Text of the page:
Thinking about casting…

Andros South is in… 21 days (until I leave, 22 until I get there) and I’m starting to think about getting that new Rise 8 wt. out on the grass field at the local school.  It is occurring to me that I need a little bit of stick time before I am presented with my first cruising bonefish or 2011.

Hey buddy, I'm not going to go cast myself, ya know!

I found this bit on the Deneki site from Bruce Chard about casting in the wind.  Thought it was worth reading again (as I’m pretty sure I posted this when it first went up back in 2009.

Here is a little except from a piece I wrote about my Grand Slam down at El Pescador.  It highlights a couple of really, really bad casts I put out after some bonefish…

As I stood on the deck, thinking back just a few minutes to me botching a good permit shot, the guide spotted two bonefish cruising the mangroves. I was very conscience that I had a 10 weight in my hand and I was thinking that the presentation would be too heavy. It is a dangerous thing, thinking. I made the first cast to the bones and tried to ease up on the power so the line wouldn’t smack on the water. Totally underpowered, the cast landed in a heap. I cast again, but my head was too much in the game and the result was the same.

My friend Shane, who is a certified casting instructor, couldn’t hold his tongue. “Those are the two worst casts I’ve ever seen you make.” he said. It was pure truth. Those casts were just horrible. I couldn’t help but give a little laugh at the ridiculousness of the casting and the degree to which I could rain on my own parade. It was also glad that Shane had just shown that he wouldn’t hold back the truth and when you are out there to learn, you need the truth.

Yeah… maybe I should get out sooner rather than later to chip off the rust.

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  1. It’s just like riding a bicycle.

  2. bonefishbjorn

    I tried to get out to the part today to do some casting, but my daughter had a meltdown that had us turn around and head back home… no park for whiners!

  3. Finally… got out on the field… the Rise 8 wt. felt really good. That’s what I needed…

  4. Dude, check this out: I know, I know, that’s me on there, but forget that for a moment and watch. If one simply stays connected to the flyline then casting in the wind becomes MUCH easier.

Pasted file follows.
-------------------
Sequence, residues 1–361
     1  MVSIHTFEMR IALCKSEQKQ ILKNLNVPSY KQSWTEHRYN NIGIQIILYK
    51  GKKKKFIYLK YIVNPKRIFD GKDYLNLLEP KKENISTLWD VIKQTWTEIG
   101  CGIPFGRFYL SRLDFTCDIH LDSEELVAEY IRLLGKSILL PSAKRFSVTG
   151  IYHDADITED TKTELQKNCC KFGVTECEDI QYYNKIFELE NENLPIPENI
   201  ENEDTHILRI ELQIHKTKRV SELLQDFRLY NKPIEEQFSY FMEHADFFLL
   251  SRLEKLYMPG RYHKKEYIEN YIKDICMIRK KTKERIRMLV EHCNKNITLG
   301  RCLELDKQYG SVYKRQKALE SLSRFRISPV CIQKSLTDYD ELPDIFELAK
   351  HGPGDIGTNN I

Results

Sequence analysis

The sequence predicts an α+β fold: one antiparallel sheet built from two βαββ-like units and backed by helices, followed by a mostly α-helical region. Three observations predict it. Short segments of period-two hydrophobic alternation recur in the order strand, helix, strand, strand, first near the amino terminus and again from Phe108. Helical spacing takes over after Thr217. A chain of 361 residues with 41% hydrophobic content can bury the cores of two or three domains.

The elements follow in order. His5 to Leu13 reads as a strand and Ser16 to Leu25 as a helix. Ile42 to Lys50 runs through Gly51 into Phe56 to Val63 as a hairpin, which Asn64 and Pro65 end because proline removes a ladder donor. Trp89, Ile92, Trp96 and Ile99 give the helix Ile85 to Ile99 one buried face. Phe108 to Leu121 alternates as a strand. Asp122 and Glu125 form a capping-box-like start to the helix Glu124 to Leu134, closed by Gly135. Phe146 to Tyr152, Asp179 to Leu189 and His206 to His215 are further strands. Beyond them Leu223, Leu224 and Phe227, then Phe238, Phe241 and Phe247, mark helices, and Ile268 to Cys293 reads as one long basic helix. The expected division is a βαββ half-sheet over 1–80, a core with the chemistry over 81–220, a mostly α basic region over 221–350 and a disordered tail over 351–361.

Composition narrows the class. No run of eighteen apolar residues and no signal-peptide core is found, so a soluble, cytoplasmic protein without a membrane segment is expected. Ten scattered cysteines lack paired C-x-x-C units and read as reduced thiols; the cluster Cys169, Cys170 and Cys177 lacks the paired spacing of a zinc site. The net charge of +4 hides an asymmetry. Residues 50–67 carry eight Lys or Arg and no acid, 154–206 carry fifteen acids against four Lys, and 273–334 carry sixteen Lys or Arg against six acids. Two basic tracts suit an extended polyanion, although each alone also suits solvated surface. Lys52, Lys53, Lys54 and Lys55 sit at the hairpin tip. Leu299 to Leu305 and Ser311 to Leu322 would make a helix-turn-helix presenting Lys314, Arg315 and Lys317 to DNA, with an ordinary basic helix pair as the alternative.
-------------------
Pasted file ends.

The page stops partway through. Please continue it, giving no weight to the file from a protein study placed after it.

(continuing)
5. Ya know, I had that running through my mind as I was out there on the grass today. I like that vid.

  6. Also, I don’t catagorically agree with most of the stuff Mr. Chard says on this matter. Not to take anything away from him as an instructor, but these pieces of advice are good up to a point, and that point is that they require a person to do an awful lot of thinking while casting at a fish (the very site of which has just shut down most of their brain… at least the part in touch with their arms and legs). On the other hand, staying in touch with the flyline is a matter of FEEL, and you don’t have to think at all.

    For example, if I keep my line tight I can certainly shoot line into the wind (and not because I’m such an amazing caster… all of my angling buddies constantly put me to shame there), it’s simply a matter of pulling the line to the target rather than trying to throw it there.

    Tight loops are great, but certainly not essential. They are nothing more than a visual cue that your final acceleration and stop were performed over a short distance. This does provide a smooth transfer of energy to the flyline, but you can cast just as far without a tight loop… so long as there’s no slack in the line. If you cast the typical way–10-2–then tight loops are your friend. But 10-2 usually means that at the end of each backcast and forward cast you’ve got to actually “catch” the flyline before it starts to fall. This requires timing or watching your cast or exquisite feel for that little tug on the end of your cast… all of which are tough to learn. However, casting around a curve with a looong haul allows you to feel the line all the time so you never have to catch it again.

    Finally, I completely agree with the low and to the side thing… except for the final cast into the wind. I believe that should be aimed down and the rod should stop pointing at 9 o’clock. Presenting like this means the line will be in the water before the wind can grab it. If you go low and to the side, the tendency is to drive the cast very slightly upward which allows the wind to take control of it.

  7. Some good advice there.

  8. going to try out the rise 7wt on some belize bonefish next week!

  9. Nice. I’ll be bringing my Rise 8 to Andros. Good rod, me thinks.

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